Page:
Milestones may also be a chronic rhythmic reminder of how painfully long recovery takes. One reason why I have been on an insatiable quest all these years, to learn all the newest and best evidence based treatment approaches for trauma, is that. It incenses me that after a childhood ravaged by overwhelming experiences not of one’s own making, survivors then have to spend years and seemingly endless amounts of money and time, to in effect, climb out of a hole and arrive in life. That is a tragic injustice as far as I am concerned, that I have dedicated my life to at least attempt to rectify. It is also important to know, that the devastating and seemingly endless duration is not your fault! Not your sloth or ineptitude.
Much of the deepest of injury is in the attachment systems of the brain and date back to developmental stages in infancy. This is not to make the duration appear worse or hopeless, but rather to “normalize” it. And I can honestly say, and this is one of those annoying things that therapists might say, every bit of my own journey which often felt (and even occasionally still does!) feel endless, serves me. As Bruce Hornsby says in his wonderful and timeless song Swan Song “To be sure I don’t regret much, not much at all.”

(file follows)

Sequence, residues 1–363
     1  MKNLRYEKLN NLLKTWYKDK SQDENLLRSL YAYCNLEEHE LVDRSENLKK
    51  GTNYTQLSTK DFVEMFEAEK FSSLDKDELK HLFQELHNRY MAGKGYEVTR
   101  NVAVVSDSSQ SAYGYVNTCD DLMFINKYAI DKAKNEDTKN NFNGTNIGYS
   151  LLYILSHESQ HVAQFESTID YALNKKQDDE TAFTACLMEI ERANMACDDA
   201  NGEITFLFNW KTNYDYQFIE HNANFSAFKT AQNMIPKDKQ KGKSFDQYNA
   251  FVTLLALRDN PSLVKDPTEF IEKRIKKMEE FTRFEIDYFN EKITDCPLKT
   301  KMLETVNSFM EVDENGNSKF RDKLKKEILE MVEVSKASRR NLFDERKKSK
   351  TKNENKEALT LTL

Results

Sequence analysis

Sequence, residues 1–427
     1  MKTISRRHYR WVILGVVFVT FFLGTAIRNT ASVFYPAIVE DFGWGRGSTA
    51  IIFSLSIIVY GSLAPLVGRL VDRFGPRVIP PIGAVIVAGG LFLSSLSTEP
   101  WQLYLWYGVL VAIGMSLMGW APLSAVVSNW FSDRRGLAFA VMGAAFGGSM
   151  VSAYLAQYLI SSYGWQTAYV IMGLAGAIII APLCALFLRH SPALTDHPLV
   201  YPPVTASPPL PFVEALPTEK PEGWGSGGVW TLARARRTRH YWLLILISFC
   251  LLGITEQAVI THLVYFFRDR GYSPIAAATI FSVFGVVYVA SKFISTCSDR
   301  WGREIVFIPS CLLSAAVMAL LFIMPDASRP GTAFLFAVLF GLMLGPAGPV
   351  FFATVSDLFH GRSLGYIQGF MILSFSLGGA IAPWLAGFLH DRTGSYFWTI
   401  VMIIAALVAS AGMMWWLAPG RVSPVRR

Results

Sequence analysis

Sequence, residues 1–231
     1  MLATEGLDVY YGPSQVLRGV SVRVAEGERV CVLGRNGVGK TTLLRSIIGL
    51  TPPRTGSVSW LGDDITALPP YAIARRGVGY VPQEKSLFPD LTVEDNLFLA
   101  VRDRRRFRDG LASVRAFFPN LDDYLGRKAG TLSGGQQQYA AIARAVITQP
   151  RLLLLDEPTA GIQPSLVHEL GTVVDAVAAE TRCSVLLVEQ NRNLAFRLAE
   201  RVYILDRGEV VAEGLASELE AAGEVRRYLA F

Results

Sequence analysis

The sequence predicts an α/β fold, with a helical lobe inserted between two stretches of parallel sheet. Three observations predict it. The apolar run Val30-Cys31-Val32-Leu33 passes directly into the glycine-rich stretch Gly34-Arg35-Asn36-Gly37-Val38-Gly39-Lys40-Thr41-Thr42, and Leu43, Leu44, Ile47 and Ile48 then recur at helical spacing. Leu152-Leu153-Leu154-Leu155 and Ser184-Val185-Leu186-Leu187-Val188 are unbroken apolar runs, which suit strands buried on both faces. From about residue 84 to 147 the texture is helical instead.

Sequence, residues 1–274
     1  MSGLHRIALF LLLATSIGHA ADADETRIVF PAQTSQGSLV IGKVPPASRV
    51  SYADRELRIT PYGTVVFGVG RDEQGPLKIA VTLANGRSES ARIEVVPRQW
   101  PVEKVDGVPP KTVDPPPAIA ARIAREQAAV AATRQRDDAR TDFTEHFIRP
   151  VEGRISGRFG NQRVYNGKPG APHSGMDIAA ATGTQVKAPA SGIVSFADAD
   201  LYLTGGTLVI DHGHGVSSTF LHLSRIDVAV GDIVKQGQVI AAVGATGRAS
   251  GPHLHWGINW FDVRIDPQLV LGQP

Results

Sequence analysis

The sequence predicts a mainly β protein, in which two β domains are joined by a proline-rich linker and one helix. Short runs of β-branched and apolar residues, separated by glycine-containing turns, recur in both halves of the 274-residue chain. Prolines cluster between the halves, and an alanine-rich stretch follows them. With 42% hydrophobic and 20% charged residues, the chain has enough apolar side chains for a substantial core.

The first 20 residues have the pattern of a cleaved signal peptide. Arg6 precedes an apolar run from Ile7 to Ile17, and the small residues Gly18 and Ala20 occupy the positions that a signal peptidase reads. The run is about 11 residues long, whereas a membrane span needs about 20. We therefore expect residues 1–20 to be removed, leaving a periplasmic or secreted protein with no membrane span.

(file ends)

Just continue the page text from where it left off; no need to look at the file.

I believe recovery is a kind of miracle in itself. I do think of mine that way, replete with the many angels who entered my life as healers, teachers and helpers of all sorts. It is a good time to remember that, at least for me. So my wishes for all are Peace, Health, Love, and with luck, even some Joy. And because I can’t help myself, I must add:
Cheese on Earth!
Best wishes of the season!
My book “Working with the Developmental Trauma of Childhood Neglect: Using Psychotherapy and Attachment Theory Techniques in Clinical Practice” was published on August 31st. It provides psychotherapists with a multidimensional view of childhood neglect and a practical roadmap for facilitating survivors’ healing.